Jesus’ words about the lilies of the field (Mt. 6: 25–33) are among the most quoted of his teachings for their poetic beauty but among the most disregarded for their obvious inapplicability to human life as we know it. This teaching seems to be as inapplicable as Jesus’ invitation to the rich man to give away everything he had and follow him. (Mk. 10: 21) If it is impossible to give everything we have for the Kingdom of God, then it is just as impossible to trust God to feed us like the birds of the air and clothe us like the lilies of the field. However, in reference to the rich man, Jesus said that all things are possible with God, so let us, on this day of thanksgiving, reflect further on the birds of the air.
Nature is a system that has a balance to it. Everything is built to provide for other beings. The balance is delicate enough that it can get out of kilter with events such as the plague of locusts the Prophet Joel wrote about. Nature’s balance happens by natural growth as with plants or by instinct as some animals eat plants or prey on other animals. When all is instinct, there is no room for gratitude. In the case of humans, René Girard has shown that there is a whole different system which he calls “mimetic desire.” That is, although humans strive for food out of the same need as the birds of the air, human striving goes beyond these bodily needs. Humans are wired to respond, not just to food itself, but to the desires of other people. This deep connection to the desires of others can lead to generosity and sharing, creating a system of exchange similar to the balance of nature. But mimetic desire can also lead to deadly competition where it becomes important to have more food than other people and more and more things than others. In such a scenario, the desires of others (or the imagined desires of others) drive us to desire way more than we really want or need. This is the system that undergirds the economic system of our world which is driven by acquisitiveness. This system also leads to ecological destruction way beyond what a swarm of locusts can do. If, instead of loving our neighbors, we have to have more than our neighbors, it is not possible to be grateful, because our eyes and hearts are fixed on having more. There is also no room for generosity that would generate thankfulness on the part of others. This is what it means to strive for these things “like the Gentiles.” This is life as we know it.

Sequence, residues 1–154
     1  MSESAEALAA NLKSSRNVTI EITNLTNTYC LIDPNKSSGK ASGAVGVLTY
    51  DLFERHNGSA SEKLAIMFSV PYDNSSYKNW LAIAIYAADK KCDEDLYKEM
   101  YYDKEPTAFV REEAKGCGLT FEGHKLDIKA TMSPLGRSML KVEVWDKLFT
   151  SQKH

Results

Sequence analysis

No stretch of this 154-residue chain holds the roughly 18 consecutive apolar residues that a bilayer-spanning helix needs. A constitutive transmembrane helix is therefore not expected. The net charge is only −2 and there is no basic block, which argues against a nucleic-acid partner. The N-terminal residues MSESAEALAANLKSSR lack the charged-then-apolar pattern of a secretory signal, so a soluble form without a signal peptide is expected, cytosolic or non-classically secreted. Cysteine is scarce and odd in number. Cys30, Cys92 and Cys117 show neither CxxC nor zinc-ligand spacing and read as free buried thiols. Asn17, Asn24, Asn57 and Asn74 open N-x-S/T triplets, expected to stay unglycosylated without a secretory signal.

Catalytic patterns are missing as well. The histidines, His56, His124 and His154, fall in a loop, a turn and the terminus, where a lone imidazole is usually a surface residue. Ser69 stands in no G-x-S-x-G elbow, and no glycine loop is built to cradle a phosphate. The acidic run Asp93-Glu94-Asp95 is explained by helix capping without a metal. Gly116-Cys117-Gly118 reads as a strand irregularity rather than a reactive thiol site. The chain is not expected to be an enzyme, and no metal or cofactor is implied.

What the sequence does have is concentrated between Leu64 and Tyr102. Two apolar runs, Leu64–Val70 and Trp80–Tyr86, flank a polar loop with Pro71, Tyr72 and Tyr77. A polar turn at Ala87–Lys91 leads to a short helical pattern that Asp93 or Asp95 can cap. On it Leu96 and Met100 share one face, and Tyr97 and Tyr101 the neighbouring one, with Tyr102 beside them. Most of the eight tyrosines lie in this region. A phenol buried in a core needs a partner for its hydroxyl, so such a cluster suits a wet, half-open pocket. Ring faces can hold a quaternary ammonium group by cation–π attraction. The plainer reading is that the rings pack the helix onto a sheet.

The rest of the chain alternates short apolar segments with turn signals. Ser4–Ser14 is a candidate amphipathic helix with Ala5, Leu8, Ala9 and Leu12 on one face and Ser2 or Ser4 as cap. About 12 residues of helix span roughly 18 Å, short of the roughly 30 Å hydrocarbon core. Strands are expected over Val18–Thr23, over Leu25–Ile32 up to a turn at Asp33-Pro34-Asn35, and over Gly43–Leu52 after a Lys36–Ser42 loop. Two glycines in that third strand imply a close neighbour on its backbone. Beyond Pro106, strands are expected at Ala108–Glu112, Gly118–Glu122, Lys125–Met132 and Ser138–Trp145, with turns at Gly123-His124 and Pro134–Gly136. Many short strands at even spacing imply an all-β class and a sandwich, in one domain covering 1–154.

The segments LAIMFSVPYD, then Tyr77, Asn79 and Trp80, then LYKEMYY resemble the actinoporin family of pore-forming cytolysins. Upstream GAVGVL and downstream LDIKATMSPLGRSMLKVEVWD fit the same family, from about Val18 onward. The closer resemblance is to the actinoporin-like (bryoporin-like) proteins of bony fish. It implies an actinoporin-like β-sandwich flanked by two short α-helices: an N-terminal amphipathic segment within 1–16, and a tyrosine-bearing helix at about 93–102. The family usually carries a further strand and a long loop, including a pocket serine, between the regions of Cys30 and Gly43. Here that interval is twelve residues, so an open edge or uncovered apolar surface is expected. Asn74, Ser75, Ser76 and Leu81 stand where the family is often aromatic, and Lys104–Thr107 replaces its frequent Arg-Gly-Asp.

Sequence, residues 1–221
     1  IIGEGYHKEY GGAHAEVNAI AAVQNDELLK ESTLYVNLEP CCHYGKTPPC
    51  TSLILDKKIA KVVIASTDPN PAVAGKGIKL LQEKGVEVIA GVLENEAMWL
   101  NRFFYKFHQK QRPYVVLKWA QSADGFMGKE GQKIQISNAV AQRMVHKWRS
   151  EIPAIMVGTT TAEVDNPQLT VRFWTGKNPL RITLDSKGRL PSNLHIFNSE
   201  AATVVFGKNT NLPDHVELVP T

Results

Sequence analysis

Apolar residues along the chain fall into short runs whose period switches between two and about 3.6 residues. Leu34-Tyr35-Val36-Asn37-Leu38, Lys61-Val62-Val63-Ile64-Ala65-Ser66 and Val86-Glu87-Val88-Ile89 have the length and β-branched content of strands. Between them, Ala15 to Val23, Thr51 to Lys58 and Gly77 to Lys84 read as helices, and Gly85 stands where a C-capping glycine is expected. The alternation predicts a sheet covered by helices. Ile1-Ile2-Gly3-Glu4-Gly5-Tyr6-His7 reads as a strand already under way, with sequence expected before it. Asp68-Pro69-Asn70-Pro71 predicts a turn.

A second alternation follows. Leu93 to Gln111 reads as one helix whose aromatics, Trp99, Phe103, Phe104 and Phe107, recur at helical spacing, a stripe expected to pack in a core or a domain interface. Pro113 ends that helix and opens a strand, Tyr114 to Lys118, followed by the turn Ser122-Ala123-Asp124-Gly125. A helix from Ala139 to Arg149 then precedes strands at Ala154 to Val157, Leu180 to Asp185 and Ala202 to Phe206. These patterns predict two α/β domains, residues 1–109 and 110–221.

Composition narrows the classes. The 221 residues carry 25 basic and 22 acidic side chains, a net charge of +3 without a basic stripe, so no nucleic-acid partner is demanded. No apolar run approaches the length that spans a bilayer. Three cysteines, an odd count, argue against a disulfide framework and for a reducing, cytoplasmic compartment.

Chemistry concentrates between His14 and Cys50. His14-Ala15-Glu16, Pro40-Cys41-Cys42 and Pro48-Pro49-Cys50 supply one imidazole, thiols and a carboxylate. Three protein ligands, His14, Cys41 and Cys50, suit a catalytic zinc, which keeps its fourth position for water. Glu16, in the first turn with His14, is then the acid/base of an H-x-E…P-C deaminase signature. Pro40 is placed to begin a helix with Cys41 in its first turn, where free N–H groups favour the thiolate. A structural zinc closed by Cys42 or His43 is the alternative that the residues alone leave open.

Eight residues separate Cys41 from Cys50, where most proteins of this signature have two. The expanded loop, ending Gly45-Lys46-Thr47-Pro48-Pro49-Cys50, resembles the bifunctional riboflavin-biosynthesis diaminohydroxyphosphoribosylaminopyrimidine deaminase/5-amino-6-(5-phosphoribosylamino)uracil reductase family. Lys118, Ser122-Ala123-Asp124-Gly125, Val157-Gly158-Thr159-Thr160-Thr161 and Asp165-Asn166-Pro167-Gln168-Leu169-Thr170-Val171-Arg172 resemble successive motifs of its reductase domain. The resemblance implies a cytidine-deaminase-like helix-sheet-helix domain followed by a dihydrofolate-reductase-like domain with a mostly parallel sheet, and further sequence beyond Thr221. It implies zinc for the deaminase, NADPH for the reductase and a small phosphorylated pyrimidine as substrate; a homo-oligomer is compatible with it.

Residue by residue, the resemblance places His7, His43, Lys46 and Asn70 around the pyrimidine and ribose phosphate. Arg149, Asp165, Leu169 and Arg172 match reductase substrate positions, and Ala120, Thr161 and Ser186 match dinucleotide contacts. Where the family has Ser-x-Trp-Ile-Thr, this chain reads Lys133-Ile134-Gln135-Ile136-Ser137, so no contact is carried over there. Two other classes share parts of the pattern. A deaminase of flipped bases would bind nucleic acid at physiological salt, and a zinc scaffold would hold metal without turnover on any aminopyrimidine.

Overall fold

So insidious is competitive acquisitiveness that gift giving can become a system of power plays. This was the way “generosity” worked in the Gentile world in Jesus’ time. The rich and powerful would choose certain people to be their clients. They would provide their clients with many gifts but there were socially understood obligations imposed in the giving of these gifts. This was a system of acquisitiveness like onto our modern system. There was no room for gratitude here either.
But God, in Christ, from outside the Gentiles’s system and our modern economic system, gives much more than food and drink. Jesus entered the heart of the primary system of mimetic desire and took on the violence of this system, even to death on the cross. By rising from the dead in the spirit of forgiveness, Jesus opened up a whole new life of the Kingdom made up of generosity and gratitude. The more generosity and gratitude, the less room there is for acquisitiveness and striving for things “like the Gentiles.” There is more for everybody if we don’t always have to have more for the sake of having more. This kind of generosity and cause for gratitude isn’t a human invention, which is why, humanly, it is not possible to be carefree like the birds of the air or the lilies of the field. Jesus embodied true generosity on the cross and in his resurrection as the forgiving victim. Can we respond to this divine generosity with gratitude that unlocks generosity in our own hearts?
For a more extended piece on thanksgiving see Giving Thanks to God.
For an introduction to René Girard’s theory of mimetic desire see: Living Stones in the House of the Forgiving Victim.